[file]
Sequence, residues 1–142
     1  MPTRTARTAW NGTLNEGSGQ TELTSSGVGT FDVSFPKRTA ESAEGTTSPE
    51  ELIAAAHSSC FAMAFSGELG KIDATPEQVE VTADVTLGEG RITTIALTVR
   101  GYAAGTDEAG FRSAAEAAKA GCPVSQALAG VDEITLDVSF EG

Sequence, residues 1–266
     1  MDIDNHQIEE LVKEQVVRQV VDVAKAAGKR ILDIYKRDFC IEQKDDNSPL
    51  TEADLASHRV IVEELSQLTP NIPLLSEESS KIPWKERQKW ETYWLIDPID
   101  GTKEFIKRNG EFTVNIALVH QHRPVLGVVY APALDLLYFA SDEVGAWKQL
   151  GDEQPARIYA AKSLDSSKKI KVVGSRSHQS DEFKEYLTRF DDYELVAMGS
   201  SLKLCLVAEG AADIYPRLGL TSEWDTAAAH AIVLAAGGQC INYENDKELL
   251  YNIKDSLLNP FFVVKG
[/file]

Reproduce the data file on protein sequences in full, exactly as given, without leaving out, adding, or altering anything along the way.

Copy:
Sequence, residues 1–142
     1  MPTRTARTAW NGTLNEGSGQ TELTSSGVGT FDVSFPKRTA ESAEGTTSPE
    51  ELIAAAHSSC FAMAFSGELG KIDATPEQVE VTADVTLGEG RITTIALTVR
   101  GYAAGTDEAG FRSAAEAAKA GCPVSQALAG VDEITLDVSF EG

Sequence, residues 1–266
     1  MDIDNHQIEE LVKEQVVRQV VDVAKAAGKR ILDIYKRDFC IEQKDDNSPL
    51  TEADLASHRV IVEELSQLTP NIPLLSEESS KIPWKERQKW ETYWLIDPID
   101  GTKEFIKRNG EFTVNIALVH QHRPVLGVVY APALDLLYFA SDEVGAWKQL
   151  GDEQPARIYA AKSLDSSKKI KVVGSRSHQS DEFKEYLTRF DDYELVAMGS
   201  SLKLCLVAEG AADIYPRLGL TSEWDTAAAH AIVLAAGGQC INYENDKELL
   251  YNIKDSLLNP FFVVKG